I thought that it would,be nice to have a page with links for my different projects. My tutorials are easy to find through the tutorial page, but the other post I make easily end up lost in the crowd.

Click on the picture to go to the blog post, they are listed in the order they were posted on the blog with the newest projects first.

outlander skirt - 2

18th century common woman - 29 Brown Greenland gown

leather case

Lengberg Castle brassiere

Rustmy green cotehardie

building a peacockprincess of the forestmedieval week

bone dressbara baras

Vakenlandet trollpocket - embriodery

7 Responses to “projects”

  1. DeAnne Johnson Says:

    Your work is astonishing! You’ve inspired me to work on my hand sewing. Gorgeous stuff.


  2. “Resting hands are a waste of time…” Your work proves the value of busy hands… And your busy hands reveal the inner-workings of a creative and an industrious mind. I shared your work with others on Facebook and will share it with my 10 year old son. I hope you continue your work and I pray that your work rewards you with enough income to be happy. You deserve it.

  3. Luciana Says:

    I love all your work! It’s amazing!

  4. lynballou Says:

    Your hand work is so lovely. You have inspired me to take the time to improve my skills. Have you made any you tube videos? It would be informative to watch you making button and lacing holes. I loved the gold gown with rolled gathers. Visiting your site makes me very happy!
    Lyn

  5. greenagreena Says:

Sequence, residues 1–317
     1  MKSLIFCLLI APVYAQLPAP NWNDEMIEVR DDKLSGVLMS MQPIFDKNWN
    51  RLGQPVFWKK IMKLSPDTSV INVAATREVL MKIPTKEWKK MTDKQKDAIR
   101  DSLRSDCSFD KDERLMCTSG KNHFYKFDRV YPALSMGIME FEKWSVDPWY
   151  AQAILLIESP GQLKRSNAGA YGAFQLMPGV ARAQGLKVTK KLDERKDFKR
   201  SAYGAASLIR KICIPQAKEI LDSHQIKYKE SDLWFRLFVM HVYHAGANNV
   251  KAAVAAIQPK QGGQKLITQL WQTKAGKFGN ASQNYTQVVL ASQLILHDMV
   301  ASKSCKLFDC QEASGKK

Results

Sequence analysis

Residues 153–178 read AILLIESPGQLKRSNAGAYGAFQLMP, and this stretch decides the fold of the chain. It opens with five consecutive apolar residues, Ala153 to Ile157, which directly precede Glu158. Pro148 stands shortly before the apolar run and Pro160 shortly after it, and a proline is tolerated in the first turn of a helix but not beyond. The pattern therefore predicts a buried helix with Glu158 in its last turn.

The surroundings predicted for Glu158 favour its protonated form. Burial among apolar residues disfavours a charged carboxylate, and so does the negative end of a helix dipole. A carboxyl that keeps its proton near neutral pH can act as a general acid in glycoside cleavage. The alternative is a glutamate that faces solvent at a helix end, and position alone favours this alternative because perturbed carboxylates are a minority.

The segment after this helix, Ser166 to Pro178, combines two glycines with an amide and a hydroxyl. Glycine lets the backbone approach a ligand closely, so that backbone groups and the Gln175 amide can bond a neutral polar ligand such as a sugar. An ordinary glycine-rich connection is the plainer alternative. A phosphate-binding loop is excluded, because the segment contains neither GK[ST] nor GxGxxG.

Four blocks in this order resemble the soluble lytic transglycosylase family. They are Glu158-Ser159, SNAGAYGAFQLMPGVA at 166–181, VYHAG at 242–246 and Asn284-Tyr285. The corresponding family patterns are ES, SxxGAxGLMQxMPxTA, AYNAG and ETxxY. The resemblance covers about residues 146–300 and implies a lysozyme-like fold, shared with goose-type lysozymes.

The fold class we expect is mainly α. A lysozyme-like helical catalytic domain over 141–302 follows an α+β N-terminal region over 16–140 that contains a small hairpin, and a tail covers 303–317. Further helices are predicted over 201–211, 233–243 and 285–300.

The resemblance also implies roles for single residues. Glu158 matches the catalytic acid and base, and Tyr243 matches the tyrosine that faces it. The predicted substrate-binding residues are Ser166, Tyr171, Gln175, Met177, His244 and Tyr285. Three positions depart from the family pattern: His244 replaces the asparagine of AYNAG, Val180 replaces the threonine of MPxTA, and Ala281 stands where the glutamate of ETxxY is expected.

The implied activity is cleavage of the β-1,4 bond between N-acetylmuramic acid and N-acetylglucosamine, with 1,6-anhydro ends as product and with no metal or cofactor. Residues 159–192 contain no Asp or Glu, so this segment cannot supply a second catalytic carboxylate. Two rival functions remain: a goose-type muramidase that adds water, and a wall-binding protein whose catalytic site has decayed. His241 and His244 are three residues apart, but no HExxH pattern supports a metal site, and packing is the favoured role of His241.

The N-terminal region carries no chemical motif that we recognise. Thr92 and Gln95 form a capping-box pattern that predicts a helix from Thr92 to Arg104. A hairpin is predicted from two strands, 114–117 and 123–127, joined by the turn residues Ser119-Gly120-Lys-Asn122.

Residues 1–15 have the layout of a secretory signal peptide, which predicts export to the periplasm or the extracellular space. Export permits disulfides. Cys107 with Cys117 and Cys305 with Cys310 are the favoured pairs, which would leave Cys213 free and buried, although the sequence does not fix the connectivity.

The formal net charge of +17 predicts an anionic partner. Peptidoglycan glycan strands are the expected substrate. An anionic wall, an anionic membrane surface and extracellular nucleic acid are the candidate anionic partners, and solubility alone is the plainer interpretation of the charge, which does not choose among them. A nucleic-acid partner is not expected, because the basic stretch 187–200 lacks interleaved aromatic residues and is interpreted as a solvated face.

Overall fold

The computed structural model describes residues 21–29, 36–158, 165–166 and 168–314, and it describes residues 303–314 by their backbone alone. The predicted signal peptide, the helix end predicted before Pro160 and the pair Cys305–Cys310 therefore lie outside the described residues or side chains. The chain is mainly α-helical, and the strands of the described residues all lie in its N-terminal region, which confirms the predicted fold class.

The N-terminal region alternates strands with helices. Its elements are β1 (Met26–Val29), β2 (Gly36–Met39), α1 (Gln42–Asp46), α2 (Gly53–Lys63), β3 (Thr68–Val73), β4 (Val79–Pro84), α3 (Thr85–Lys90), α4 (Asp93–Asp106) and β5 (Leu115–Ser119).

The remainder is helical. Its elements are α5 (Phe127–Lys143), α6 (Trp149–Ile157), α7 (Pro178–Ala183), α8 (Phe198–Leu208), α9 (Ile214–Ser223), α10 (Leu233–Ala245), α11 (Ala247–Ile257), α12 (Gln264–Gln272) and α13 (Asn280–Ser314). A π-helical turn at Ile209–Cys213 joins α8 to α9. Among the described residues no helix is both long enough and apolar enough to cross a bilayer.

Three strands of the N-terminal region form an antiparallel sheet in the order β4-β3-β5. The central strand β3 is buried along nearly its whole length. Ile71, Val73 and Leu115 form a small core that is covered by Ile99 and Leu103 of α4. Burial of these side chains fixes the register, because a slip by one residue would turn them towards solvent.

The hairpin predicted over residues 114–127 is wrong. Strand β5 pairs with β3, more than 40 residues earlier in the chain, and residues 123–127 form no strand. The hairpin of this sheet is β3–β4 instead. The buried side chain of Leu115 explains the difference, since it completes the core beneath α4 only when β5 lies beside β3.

It is wonderful to see you help keep historical sewing alive! It would be such a shame to loose that knowledge. Your beautiful work helps to pass it on to others for many decades. Their present day rarity make them a treasure now and in the future. Thank you so much for sharing.
    Ronda

  6. Keri Peardon Says:

    I am trying to track down some information on a cap (at least I think it’s a cap), and I thought you might know.

    I have seen on several effigies what appears to be a ruffle-edged cap of some sort being worn under the frilled or fretwork veil. (This is probably the clearest picture I’ve seen: https://dehuntington.files.wordpress.com/2013/10/avena-foljambe.jpg?w=706) All the ones I’ve seen are the same: fairly straight across the forehead, close-fitting down the sides of the face, then curving back around the jaw. The close fit makes me think it’s some sort of little cap, but maybe it’s a small veil?

  7. Linka Says:

    Your work is spectacular!

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